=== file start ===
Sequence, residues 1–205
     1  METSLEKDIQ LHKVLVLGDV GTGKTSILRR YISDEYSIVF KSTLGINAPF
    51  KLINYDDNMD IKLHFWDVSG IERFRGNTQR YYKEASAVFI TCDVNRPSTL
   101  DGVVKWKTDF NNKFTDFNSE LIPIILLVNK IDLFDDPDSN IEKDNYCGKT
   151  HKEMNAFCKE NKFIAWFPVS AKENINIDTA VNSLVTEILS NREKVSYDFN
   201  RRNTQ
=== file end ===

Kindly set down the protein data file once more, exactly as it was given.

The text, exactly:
Sequence, residues 1–205
     1  METSLEKDIQ LHKVLVLGDV GTGKTSILRR YISDEYSIVF KSTLGINAPF
    51  KLINYDDNMD IKLHFWDVSG IERFRGNTQR YYKEASAVFI TCDVNRPSTL
   101  DGVVKWKTDF NNKFTDFNSE LIPIILLVNK IDLFDDPDSN IEKDNYCGKT
   151  HKEMNAFCKE NKFIAWFPVS AKENINIDTA VNSLVTEILS NREKVSYDFN
   201  RRNTQ